• 101 superior administrative capabilities and financial strength of the Company. The Regional Our International segment offers professional indemnity and other lines in the U.K. and operations are conducted through four geographic regions based on markets served: Spain, commercial and personal property casualty insurance in Argentina and Brazil Midwest, New England, Southern (excluding Florida) and Mid-Atlantic. and savings and endowment policies to pre-fund education costs in the Philippines. Our Alternative Markets operations specialize in developing, insuring, reinsuring and The accounting policies of the segments are the same as those described in the summary administering self-insurance programs and other alternative risk transfer mechanisms. of significant accounting policies. Income tax expense and benefits are calculated based Our clients include employers, employer groups, insurers, and alternative market funds upon the Company’s overall effective tax rate. seeking less costly, more efficient ways to manage exposure to risks. In addition to pro- viding insurance, the Alternative Markets segment also provides a wide variety of fee- Summary financial information about the Company’s operating segments is presented in based services, including consulting and administrative services. the following table. Income (loss) before income taxes by segment consists of revenues less expenses related to the respective segment’s operations, including allocated invest- Our Reinsurance operations specialize in underwriting property casualty reinsurance on ment income. Identifiable assets by segment are those assets used in or allocated to the both a treaty and a facultative basis. The principal Reinsurance units are facultative rein- operation of each segment. surance, which writes individual certificates and program facultative business, treaty reinsurance, which functions as a traditional reinsurer in specialty and standard reinsur- ance lines, and Lloyd’s reinsurance, which writes property and casualty reinsurance through Lloyd’s.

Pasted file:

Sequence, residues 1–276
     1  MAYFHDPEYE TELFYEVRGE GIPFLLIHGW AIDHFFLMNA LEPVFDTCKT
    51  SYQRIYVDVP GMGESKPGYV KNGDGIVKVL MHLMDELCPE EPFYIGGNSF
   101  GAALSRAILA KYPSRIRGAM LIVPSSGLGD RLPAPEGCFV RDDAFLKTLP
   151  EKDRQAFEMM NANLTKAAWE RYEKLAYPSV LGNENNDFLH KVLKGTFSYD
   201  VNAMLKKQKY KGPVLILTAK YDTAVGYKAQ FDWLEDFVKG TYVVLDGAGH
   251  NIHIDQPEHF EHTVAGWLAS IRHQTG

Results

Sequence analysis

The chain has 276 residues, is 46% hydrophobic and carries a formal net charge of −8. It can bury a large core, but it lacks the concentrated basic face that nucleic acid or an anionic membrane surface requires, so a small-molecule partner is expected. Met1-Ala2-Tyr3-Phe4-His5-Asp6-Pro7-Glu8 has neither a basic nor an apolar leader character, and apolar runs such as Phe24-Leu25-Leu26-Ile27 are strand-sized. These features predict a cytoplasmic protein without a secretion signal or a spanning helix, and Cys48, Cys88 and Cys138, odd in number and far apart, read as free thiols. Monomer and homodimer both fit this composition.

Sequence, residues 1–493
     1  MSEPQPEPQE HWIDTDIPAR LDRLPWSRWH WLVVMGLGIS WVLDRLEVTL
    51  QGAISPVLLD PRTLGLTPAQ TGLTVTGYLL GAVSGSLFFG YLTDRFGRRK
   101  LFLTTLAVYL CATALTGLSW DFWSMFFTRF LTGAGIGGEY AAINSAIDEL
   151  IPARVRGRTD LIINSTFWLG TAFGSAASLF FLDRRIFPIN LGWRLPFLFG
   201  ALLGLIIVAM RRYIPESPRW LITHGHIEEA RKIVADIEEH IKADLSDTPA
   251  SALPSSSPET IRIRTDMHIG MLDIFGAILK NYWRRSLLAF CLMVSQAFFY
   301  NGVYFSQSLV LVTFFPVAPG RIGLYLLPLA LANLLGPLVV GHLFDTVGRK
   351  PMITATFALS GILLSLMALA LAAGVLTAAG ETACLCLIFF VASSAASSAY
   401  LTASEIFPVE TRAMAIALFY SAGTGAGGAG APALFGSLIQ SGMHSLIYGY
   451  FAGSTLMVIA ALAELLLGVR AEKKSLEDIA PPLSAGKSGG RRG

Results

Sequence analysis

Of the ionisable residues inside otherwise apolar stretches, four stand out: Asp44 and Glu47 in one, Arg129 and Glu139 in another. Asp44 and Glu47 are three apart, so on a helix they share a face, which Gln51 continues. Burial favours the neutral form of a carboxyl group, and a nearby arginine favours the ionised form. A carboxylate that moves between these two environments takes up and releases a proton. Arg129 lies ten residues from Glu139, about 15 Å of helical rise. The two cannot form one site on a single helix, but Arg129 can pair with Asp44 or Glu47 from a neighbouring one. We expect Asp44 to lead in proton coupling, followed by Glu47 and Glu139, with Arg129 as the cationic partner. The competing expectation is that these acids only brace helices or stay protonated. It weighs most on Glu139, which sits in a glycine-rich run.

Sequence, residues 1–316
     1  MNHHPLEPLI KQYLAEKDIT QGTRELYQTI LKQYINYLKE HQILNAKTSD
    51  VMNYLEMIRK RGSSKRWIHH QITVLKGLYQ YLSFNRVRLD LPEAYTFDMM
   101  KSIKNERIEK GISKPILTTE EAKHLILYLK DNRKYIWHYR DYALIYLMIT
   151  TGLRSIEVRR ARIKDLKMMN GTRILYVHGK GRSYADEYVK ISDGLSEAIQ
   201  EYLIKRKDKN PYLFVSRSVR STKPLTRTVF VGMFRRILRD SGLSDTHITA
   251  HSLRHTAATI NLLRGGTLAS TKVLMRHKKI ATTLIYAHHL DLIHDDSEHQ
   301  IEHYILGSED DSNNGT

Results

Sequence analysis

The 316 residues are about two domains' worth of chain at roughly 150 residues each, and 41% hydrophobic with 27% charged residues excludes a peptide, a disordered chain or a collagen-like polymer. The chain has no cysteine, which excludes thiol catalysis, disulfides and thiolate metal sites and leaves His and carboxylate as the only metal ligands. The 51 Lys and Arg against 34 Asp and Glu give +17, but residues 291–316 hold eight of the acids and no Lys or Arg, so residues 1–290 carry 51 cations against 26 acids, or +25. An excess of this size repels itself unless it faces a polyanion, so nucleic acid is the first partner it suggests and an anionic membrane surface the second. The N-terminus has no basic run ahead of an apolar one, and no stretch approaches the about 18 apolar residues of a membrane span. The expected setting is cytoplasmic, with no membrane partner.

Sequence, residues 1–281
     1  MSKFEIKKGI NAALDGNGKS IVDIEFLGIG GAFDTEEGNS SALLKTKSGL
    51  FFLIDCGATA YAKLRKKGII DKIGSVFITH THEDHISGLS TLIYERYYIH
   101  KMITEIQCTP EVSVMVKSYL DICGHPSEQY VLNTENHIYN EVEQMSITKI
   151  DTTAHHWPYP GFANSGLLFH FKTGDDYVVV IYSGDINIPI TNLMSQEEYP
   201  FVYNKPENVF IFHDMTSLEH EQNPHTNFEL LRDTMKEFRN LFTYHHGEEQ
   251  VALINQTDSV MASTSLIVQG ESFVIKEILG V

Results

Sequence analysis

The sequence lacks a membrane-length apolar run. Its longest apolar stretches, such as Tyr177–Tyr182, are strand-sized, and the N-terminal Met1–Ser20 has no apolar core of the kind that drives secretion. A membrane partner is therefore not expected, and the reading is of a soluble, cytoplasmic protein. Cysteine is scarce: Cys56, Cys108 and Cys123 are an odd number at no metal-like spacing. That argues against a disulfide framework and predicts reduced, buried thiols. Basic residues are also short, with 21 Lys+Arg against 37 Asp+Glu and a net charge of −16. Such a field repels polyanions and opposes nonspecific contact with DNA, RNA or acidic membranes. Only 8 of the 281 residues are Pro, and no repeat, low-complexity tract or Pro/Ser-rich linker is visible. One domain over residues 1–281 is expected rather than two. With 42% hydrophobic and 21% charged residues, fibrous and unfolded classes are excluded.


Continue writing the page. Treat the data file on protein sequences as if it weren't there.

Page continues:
• SEGMENT DATA REVENUES PRE-TAX NET REVENUES PRE-TAX NET EARNED INVESTMENT INCOME INCOME EARNED INVESTMENT INCOME INCOME (DOLLARS IN THOUSANDS) PREMIUMS INCOME OTHER TOTAL (LOSS) (LOSS) (DOLLARS IN THOUSANDS) PREMIUMS INCOME OTHER TOTAL (LOSS) (LOSS) December 31, 2006: December 31, 2004: 12 Months 12 Months Specialty $1,752,507 $200,421 $ — $1,952,928 $479,105 $332,462 Specialty $ 1,391,652 $ 99,452 $ — $ 1,491,104 $ 275,689 $ 188,646 Regional 1,205,912 83,957 — 1,289,869 201,417 139,737 Regional 1,068,552 44,249 — 1,112,801 184,152 123,902 Alternative Markets 658,805 114,914 104,812 878,531 291,416 201,486 Alternative Markets 605,996 59,057 109,344 774,397 133,438 92,345 Reinsurance 859,411 133,709 — 993,120 135,424 102,065 Reinsurance 841,451 73,825 — 915,276 85,995 62,910 International 215,987 32,907 — 248,894 34,447 24,550 International 153,441 14,201 207 167,849 18,790 10,036 Corporate, other and Corporate, other and eliminations (1) — 20,267 1,574 21,841 (162,812) (107,896) eliminations (1) — 511 2,029 2,540 (107,819) (70,313) Realized investment gains — — 9,648 9,648 9,648 7,114 Realized investment gains — — 48,268 48,268 48,268 31,306 Consolidated $4,692,622 $586,175 $116,034 $5,394,831 $988,645 $699,518 Cumulative effect of change in December 31, 2005: accounting principle — — — — — (727) 12 Months Consolidated $ 4,061,092 $ 291,295 $ 159,848 $ 4,512,235 $ 638,513 $ 438,105 Specialty $ 1,682,193 $ 134,290 $ — $ 1,816,483 $ 345,896 $ 241,619 Regional 1,173,174 57,619 — 1,230,793 216,495 147,924 Identifiable assets by segment are as follows (dollars in thousands): Alternative Markets 663,478 82,617 110,697 856,792 238,462 165,327 Reinsurance 754,097 95,110 — 849,207 63,606 53,233 YEARS ENDED DECEMBER 31, 2006 2005 International 187,993 20,749 94 208,836 20,890 13,782 Specialty $ 5,387,934 $ 4,731,062 Corporate, other and Regional 2,796,225 2,652,556 eliminations (1) — 13,577 3,942 17,519 (132,021) (87,996) Alternative Markets 2,700,782 2,374,967 Realized investment gains — — 17,209 17,209 17,209 11,003 Reinsurance 5,231,317 4,506,796 Consolidated $ 4,460,935 $ 403,962 $ 131,942 $ 4,996,839 $ 770,537 $ 544,892 International 811,662 613,634 Corporate, other and eliminations (1) (1,271,431) (982,728) Consolidated $15,656,489 $13,896,287 (1) Corporate and other eliminations represent corporate revenues and expenses, realized investment gains and losses and other items that are not allocated to business segments. 102